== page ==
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Preachers' Pet Peeves: HOBBY HORSES

HOBBY HORSES & PET PEEVES

Have you ever sat under a preacher who vociferated every sermon on some pet peeves in which he insisted that the congregation should do something that he wanted the people to do; but the Bible no where said so? And no matter what the subject of the sermon was supposed to be or what passage was supposed to be the text, the preacher was obsessed with those issues and went off on them out of context?

Examples may be

1) the people must tithe (though the Church no where has such a command) or
2) the people must attend all the services of the church (though all the Bible says is not to forsake the assembly), or
3) the people must teetotally abstain from all alcohol consumption, even though the Bible says to stop drinking only water but to drink a little wine for the stomach's sake and the oft infirmity.

If a preacher wants money, he may be tempted to preach on tithing. Tithing goes back to Abraham who in only one instance of his life gave ten percent to Melchizadek, ten percent of the spoils that Abe collected from fighting with the Mesopotamians when Abe rescued Lot and the Sodomites from king "Chedor Cheese Laomer" (Chedorlaomer). Israel was under the obligation to tithe to support the Levites who were helpers at the Tabernacle. They in turn had to tithe to support the priests. Since the law was in force until Christ died on the cross, of course we find Christ endorsing that Israel should pay tithes under the law.

But in the Church epistles, where giving is the subject, the subject of tithing is strangely omitted if it were transferred from Israel to the Church. For example, in 2 Corinthians where giving is a very major subject, Paul never demands tithes. Everyone is to give freely as he purposes in his own heart.


If a preacher loves being on a stage with an audience, he may take to molesting the people with a demand that they attend all services or certain services. But the Bible only gives a general admonition not to forsake the assembly. Moreover, there is no particular day set aside in the New Testament for church attendance by regulation. We do observe in Acts that they met on the first day of the week, evidently on what we would call Saturday night, since the sun went down around 6 PM starting a new day in the Biblical reckoning of days. Having two meetings in a day, morning and evening (or even three which I found in England, morning, afternoon, and evening) is nowhere mentioned in the NT. Also, there is no Wednesday night meeting in the Bible.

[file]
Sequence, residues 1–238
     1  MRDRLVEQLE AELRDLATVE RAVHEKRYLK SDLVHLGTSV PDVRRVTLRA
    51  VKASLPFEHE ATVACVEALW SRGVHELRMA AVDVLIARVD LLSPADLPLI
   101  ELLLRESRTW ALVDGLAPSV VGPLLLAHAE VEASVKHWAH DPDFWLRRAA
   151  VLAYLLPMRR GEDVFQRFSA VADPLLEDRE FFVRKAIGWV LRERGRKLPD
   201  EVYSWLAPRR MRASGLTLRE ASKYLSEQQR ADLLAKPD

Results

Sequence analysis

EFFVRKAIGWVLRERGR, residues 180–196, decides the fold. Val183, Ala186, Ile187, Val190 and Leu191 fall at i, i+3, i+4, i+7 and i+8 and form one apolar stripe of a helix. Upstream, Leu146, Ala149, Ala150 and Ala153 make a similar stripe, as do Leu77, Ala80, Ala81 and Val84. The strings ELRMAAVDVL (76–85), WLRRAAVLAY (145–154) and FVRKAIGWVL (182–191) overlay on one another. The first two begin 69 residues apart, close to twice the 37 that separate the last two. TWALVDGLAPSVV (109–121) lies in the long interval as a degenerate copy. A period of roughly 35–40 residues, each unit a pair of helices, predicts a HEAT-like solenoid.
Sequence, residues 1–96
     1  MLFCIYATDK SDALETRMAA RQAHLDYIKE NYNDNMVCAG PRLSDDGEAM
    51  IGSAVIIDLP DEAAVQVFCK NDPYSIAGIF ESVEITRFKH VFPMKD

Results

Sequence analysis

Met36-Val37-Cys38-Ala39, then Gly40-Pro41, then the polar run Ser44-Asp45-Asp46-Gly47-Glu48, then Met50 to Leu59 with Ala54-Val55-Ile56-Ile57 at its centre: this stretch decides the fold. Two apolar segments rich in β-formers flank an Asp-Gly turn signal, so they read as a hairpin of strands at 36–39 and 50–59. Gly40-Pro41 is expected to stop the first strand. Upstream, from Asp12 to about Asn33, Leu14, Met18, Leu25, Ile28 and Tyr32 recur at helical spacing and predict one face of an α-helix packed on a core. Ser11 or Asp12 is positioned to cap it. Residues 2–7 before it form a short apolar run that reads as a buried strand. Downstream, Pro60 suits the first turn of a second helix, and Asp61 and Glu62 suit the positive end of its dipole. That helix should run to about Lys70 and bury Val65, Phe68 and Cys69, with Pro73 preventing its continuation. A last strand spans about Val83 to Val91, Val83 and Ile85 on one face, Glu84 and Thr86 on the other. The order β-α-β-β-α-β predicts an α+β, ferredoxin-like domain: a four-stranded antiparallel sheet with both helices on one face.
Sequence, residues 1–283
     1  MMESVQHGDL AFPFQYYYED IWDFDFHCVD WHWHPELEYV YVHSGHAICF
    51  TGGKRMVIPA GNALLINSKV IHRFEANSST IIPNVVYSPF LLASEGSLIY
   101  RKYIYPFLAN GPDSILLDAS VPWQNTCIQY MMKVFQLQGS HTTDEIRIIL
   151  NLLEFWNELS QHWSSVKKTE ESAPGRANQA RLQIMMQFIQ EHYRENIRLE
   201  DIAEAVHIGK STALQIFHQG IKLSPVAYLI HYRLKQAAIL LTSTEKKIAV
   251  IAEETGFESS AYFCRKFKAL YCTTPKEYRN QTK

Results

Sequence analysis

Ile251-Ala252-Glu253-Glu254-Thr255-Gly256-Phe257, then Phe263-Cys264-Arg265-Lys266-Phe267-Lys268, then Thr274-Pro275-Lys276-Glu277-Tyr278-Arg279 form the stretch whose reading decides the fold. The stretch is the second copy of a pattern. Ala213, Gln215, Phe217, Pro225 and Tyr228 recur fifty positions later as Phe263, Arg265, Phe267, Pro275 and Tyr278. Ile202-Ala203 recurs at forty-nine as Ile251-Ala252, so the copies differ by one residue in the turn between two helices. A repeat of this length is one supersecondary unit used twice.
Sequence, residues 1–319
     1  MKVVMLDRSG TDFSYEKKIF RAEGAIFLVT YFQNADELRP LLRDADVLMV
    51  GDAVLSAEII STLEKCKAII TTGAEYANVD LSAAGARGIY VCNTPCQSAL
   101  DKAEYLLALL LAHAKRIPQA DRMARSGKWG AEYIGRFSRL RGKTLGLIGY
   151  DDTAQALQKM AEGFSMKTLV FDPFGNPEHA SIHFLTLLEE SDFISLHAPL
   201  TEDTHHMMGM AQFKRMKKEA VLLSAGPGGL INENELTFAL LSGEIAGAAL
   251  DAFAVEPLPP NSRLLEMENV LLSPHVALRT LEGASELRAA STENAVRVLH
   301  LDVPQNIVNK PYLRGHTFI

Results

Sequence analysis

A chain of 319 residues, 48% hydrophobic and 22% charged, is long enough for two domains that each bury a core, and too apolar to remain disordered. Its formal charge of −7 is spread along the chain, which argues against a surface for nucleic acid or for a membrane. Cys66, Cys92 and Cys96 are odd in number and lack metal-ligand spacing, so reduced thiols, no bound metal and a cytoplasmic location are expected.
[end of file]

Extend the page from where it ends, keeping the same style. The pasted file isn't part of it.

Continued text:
What is more lame than interrupting the study of the Bible during a sermon to rant on church attendance? The people the preacher rants at are attenders, for crying out loud. There the regular attenders sit, longing for spiritual sheep food, and what do they get but dog food, pet peeves that are not in the Bible. The preacher may go on and on about how evil it is that certain people are not here. He may speculate on their worldliness for not being there; they are watching football or something. He may spend a long time in a long prayer where he prays for those who are not attending that they should repent of their lack of attending.

But if the preacher wants an audience, the best way to ensure that is by studying to show himself approved to God, a workman that needs not to be ashamed, by preparing a delicious spiritual meal for those who come. Increasing the quality of the music and raising the height of the praise service may also help. But he is advised to make the meeting so interesting, informative, and encouraging that the people delight to come. It is not a matter of trying to twist arms: "You've got to come; you've got to come; God demands that you come." The preacher is advised to be a teacher of God's word; tell them something they didn't already know, not just platitudes. Try expository preaching. Read a verse and then explain what it means with illustration. Like Christ, use parables. After teaching what the verse means, give the application; again use illustrations. Work at the sermon. Cursed be he who keeps his hand back from the sword. The Word of God is the sword.

Practice that sermon. Preach it to the wife, to the dog, to the trees. Know it so well that no notes are required. Know it so well that if a heckler got up and heckled every sentence, the preacher would not be flustered. Know it so well that if an amen came after every sentence, no loss of the train-of -hought would result.

Why are people getting ants-in-the-pants and playing the restroom game? In some disorderly churches there may be this unseemly parade of persons in and out of the sanctuary during the never-ending sermon. In some disorderly churches there may a seat-of-the-scornful, where young people chatter during the sermon and pass notes. But let the preacher have prepared such a great sermon with such interesting images that it captivates the attention. Then no adult needs to seek relief by "going to the restroom."

And don't drone-on way past your preparation. Neither think you shall be heard for your long preaching.

Be encouraged. There is the Word of God. Proclaiming it is powerfully effective.